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The Stateless Web

 
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The Stateless Web

Writing complex multipage forms using CGI programs offers a unique programming challenge. The connection between a Web browser and a Web server is not a long-term connection. The Web browser connects to the server, retrieves the page, and then disconnects from the Web server. No sustained connection is kept between the server and your browser.

To make matters more complicated, each time the browser connects to the Web server, the Web server doesn't recognize the browser as having been to the site beforehand. The server has no easy way of recognizing the browser each time.

An analogy that works well is that of a conversation between a library patron and a librarian with no memory. The patron is allowed to ask only one question at a time. The patron can ask the librarian for a booksay, on Arizonaand the librarian can retrieve it. The librarian can retrieve the book because he or she can fulfill simple requests easily. However, the patron cannot request another book on the same subject. The librarian would have no memory of the prior request and would be helpless. If the request were rephrased as "give me another book on Arizona," the librarian would still be unable to help because he or she might retrieve the same book on Arizona as he or she did for the first request.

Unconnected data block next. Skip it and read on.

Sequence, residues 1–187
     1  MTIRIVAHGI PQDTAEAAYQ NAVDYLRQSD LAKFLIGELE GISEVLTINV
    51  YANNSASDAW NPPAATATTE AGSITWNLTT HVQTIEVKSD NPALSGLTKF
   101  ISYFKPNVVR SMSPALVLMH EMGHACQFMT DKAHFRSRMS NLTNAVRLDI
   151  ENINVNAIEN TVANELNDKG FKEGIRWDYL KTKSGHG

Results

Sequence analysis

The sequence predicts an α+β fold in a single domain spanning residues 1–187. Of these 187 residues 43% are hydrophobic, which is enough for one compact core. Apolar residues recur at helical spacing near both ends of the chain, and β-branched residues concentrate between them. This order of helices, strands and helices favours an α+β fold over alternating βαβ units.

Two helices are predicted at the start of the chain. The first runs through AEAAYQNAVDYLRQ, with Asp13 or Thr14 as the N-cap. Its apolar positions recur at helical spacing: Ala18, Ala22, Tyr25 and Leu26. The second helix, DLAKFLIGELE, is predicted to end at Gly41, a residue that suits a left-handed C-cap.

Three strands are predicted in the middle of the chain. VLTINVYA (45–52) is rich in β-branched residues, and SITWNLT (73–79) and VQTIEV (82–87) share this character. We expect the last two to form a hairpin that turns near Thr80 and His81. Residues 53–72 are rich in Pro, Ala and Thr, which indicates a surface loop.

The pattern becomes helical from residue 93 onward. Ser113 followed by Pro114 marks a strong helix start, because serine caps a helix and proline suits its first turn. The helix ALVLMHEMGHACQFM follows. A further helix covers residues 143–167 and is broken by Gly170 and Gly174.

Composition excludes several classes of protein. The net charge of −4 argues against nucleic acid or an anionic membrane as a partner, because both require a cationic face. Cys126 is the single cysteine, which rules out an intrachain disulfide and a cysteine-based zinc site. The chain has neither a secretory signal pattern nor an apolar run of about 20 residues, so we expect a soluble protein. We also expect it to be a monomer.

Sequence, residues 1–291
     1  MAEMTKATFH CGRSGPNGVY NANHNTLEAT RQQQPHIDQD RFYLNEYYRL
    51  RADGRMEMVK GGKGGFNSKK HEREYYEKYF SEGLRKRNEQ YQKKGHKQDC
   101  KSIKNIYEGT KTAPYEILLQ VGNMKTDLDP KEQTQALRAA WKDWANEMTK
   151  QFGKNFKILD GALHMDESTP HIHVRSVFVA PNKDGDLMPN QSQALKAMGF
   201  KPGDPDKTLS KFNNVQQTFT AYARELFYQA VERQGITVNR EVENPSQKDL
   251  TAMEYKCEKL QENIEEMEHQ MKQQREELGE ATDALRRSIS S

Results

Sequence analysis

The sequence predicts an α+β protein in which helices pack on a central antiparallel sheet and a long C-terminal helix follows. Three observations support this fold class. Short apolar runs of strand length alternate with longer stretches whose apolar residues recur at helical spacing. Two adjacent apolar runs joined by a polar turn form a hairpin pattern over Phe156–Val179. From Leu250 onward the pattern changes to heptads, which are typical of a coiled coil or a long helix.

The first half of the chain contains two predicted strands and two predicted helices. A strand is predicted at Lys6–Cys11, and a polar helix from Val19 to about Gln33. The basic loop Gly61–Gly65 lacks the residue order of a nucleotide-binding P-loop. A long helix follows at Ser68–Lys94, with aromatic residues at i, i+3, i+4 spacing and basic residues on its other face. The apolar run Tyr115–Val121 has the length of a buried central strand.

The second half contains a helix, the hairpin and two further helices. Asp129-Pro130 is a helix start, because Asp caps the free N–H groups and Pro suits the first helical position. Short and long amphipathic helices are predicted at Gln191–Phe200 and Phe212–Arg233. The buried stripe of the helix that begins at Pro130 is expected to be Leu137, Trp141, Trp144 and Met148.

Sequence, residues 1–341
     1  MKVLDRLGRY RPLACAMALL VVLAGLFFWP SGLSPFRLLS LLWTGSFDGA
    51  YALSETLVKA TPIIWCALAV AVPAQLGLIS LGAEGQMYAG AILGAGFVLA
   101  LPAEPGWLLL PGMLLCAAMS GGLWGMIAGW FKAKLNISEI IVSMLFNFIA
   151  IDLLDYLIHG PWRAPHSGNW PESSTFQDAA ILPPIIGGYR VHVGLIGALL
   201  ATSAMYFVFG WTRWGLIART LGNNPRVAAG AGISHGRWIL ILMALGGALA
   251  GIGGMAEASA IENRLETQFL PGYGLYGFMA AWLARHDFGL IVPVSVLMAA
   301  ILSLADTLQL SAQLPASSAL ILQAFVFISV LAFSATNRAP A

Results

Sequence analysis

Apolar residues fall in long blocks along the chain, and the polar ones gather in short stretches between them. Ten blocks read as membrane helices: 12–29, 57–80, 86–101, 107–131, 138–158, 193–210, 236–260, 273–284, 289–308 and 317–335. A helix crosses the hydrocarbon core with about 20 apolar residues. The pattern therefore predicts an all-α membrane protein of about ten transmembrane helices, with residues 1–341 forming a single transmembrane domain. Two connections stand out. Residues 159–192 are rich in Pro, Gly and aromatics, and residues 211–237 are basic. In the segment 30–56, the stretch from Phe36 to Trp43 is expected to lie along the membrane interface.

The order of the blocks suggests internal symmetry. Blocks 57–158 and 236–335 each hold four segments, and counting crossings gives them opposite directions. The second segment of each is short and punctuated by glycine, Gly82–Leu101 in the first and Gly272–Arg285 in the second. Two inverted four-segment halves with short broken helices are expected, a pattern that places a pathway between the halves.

The only way to retrieve a second book on the subject would be to say, "I need another book on Arizona; I already have Settling of the Southwest." That request has enough information to state the problem and let the librarian know what's not an appropriate response.

Writing multipage forms for the Web uses the same solution: Each question/answer session needs to contain enough information so that the Web server can figure out what needs to be done and what has already been done. You can create such sessions in a few different ways; one of themusing hidden HTML fieldsis presented in this hour.

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